As I write, I can see the sun – having made a comeback after a rainy spell – shining on the houses across the street. The sky is a pale blue with a scattering of a few barely visible, wispy clouds. Which of course makes the title of this post seem even more ridiculous.
Since 2011, it’s been around this time of year that I’ve started thinking ahead to Christmas. Not because I’m one of those super organised people who gets their shopping in well ahead of the inevitable December high street madness, but because Christmas for me has come to mean Crisis. And Crisis volunteer applications have to be submitted in October. This year I’m being given a head start, because I’m going to be a Key Volunteer and need attend a training session next month.
For anyone who doesn’t know what Crisis Christmas is all about, the basic idea is this: Crisis opens a number of centres for 7-10 days across London at the end of December. People who are homeless come along and get a hot meal, and can access various services while they’re there. These range from doctors, podiatrists and hairdressers to art and crafts, sports and CV writing, with loads more besides. The aim is to provide comfort, warmth and friendship during what can be a difficult time of year for some, but more critically to encourage people to take positive steps towards improving the quality of their life. For some this might involve breaking an addiction or cycle of debt; for others finding employment or reconnecting with family.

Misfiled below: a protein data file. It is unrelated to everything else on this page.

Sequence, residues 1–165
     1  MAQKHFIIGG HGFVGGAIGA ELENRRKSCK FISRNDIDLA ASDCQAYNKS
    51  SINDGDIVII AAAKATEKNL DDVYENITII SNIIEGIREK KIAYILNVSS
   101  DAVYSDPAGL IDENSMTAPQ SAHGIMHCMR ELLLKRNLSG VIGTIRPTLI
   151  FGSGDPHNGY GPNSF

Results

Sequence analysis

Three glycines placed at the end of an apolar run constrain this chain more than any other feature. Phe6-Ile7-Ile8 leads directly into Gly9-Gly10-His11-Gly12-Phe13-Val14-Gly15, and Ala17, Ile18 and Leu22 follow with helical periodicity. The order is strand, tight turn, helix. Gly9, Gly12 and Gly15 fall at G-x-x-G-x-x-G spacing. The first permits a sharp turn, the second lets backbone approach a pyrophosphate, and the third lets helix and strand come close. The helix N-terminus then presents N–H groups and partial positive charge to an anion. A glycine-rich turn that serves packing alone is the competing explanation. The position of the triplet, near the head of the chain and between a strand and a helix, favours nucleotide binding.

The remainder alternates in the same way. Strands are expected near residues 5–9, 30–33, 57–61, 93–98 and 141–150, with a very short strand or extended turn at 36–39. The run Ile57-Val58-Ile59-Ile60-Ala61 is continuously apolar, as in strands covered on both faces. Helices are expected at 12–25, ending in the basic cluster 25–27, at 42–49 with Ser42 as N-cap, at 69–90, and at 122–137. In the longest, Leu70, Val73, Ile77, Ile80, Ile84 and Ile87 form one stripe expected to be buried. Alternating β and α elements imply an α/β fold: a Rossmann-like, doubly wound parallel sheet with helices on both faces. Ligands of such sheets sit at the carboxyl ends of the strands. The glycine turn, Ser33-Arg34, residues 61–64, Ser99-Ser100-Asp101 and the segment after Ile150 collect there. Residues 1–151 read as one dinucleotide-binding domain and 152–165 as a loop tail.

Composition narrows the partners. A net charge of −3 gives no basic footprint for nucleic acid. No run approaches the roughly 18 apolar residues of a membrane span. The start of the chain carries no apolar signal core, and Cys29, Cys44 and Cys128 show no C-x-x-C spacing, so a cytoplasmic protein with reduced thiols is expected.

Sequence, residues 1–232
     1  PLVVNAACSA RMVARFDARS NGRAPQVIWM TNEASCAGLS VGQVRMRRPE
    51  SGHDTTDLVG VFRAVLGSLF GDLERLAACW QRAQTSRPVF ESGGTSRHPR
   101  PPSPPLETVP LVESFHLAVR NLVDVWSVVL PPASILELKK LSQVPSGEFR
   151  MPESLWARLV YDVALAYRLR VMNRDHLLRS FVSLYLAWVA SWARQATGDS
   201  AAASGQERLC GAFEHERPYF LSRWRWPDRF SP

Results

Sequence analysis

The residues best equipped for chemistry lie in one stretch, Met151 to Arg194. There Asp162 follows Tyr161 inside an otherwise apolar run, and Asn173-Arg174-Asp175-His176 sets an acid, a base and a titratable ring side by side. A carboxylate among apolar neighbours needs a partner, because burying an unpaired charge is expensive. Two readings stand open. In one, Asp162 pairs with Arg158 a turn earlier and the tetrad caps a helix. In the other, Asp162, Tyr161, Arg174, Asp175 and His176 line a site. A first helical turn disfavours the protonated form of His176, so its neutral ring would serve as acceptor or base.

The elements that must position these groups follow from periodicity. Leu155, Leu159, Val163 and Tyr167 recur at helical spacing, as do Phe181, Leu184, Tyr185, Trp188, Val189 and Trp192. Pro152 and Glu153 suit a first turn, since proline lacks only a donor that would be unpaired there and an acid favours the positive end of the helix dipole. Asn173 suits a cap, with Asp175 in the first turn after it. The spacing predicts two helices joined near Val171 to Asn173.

I’ve volunteered for a few charities, and have always found it enjoyable and rewarding, but I’ve never come across anything like Crisis Christmas. When I’m there, I work harder than I do in my regular job. I barely sit down all day, don’t stop for lunch (unless mince pies on the run count) and last year still went in on my day off. Why? Because it’s an absolutely amazing environment to be in, with some incredible people – guests as well as volunteers. I honestly can’t think of anything I’ve found more fulfilling than Crisis Christmas. It’s a bit crazy, a bit intense, you never know when you might be asked to clean the toilets, and you always end of your shift grubby and knackered, but you genuinely feel like you’re part of something worthwhile and special, and that by being there you’re actually making a difference to the guests.
Crisis is really where it all started. Volunteering there altered my preconceived notions of what a typical ‘homeless person’ is like (in short: there’s no such thing), and fostered what has become a growing interest in issues surrounding poverty in the UK. Every Crisis Christmas has strengthened my belief that I should be doing something other than teaching, and has made it harder to keep ignoring the persistent voice in my head that tells me I want my job to focus on making a real impact on people. So, along with the 4000 odd guests who attended Crisis Christmas last year, I feel like I also have something to thank Crisis for.